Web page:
But none were politicians. “I just think it could be devastating for the space program. … It’s the one federal mission which has largely been free of politics and it’s at a critical juncture in its history,” Florida Sen. Marco Rubio told Politico in September, when Bridenstine’s nomination was announced. “I would hate to see an administrator held up—on [grounds of] partisanship, political arguments, past votes, or statements made in the past—because the agency can’t afford it and it can’t afford the controversy.”

Sen. Bill Nelson, a Democrat, also from Florida, echoed those concerns at the November committee hearing, saying, “The NASA administrator must have a strong scientific or technical background. And the NASA administrator must not be political.” He told Bridenstine, “Your recent public service career does not instill great confidence about your leadership skills or ability to bring people together. … In fact, your record and behavior in Congress is as divisive and extreme as any in Washington.” As evidence, the committee’s 13 Democrats pointed to Bridenstine’s past comments deriding the Supreme Court decision to declare same-sex marriage constitutional and legal protections for transgender students using bathrooms, as well political barbs against fellow Republicans like Rubio, House Speaker Paul Ryan, and others.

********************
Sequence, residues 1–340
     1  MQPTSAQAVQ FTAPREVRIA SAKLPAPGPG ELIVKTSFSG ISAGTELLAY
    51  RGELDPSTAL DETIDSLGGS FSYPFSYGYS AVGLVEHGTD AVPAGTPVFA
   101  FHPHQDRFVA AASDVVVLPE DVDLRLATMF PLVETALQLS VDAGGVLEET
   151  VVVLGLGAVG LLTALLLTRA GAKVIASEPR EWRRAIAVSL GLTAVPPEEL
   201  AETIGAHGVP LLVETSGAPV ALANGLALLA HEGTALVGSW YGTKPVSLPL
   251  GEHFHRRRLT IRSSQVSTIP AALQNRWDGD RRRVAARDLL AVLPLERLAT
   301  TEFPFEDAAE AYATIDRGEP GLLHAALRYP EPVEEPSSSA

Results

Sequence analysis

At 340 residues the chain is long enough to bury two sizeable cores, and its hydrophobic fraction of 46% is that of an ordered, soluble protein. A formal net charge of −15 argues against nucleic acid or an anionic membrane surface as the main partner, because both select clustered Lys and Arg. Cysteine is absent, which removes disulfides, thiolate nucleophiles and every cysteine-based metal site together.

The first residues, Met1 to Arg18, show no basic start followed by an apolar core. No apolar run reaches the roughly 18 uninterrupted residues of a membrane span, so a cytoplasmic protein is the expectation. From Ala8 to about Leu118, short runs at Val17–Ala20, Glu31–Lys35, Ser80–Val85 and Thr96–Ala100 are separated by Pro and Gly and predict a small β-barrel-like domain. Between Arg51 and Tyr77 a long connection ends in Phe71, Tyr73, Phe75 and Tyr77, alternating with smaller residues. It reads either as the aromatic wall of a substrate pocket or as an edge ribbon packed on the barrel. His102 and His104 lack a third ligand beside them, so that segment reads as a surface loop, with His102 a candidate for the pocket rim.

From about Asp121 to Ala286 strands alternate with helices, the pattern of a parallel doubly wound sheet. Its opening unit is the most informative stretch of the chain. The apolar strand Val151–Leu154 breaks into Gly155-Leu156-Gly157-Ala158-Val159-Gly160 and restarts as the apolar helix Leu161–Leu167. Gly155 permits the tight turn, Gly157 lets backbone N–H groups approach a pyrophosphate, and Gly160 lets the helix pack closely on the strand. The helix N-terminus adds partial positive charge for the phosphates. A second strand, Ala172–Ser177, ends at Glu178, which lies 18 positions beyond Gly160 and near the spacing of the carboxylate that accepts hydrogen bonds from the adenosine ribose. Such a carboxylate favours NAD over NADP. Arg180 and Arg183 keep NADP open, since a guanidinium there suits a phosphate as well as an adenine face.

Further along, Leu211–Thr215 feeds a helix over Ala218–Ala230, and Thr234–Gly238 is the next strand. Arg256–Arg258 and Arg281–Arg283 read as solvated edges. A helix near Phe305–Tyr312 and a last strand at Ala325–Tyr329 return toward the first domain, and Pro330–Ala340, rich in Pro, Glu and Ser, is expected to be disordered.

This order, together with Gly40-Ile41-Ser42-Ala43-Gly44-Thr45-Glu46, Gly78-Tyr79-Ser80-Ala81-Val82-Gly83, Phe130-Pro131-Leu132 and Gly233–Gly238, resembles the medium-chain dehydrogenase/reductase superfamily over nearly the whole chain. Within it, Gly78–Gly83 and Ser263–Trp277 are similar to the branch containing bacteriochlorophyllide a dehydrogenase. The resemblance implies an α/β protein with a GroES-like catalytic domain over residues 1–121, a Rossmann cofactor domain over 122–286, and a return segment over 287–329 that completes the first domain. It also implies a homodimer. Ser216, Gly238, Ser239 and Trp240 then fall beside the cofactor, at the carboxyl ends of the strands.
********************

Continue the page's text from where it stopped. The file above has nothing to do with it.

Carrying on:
Perhaps most worrisome, though, is Bridenstine’s climate change–denying past. He previously introduced legislation into Congress that would nix earth science from NASA’s overall mission. He’s expressed dubious views on climate change, telling the floor of the House in 2013, “global temperatures stopped rising 10 years ago. Global temperature changes, when they exist, correlate with sun output and ocean cycles. During the Medieval Warm Period from 800 to 1300 A.D.—long before cars, power plants, or the Industrial Revolution—temperatures were warmer than today.”

All of that is wrong. Temperature rise slowed around 2013, but the overall rise in temperatures hasn’t stopped, even as sun output has decreased. And the past two years have been the hottest on record, no question.

At his November testimony Bridenstine promised not to interfere with NASA’s climate research and conceded humans are contributing to climate change. But like other Republicans, he raised the caveat that he doesn’t believe he knows how large the human contribution has been. “It’s going to depend on a lot of factors and we’re still learning more about that every day,”he told the Senate committee. “In some years you could say absolutely, in other years, during sun cycles and other things, there are other contributing factors that would have maybe more of an impact.”

That’s not an encouraging sign that Bridenstine will put science first. And NASA conducts integral functions in assessing climate change, even though Trump is already making moves to dismantle that work, with plans to defund five earth science missions. It’s very hard to imagine Bridenstine will attempt to reverse those changes or replace those missions in some way. His nomination is indicative of a divisiveness the agency has never really grappled with before. Perhaps that’s why it’s taking so long for him to gain approval.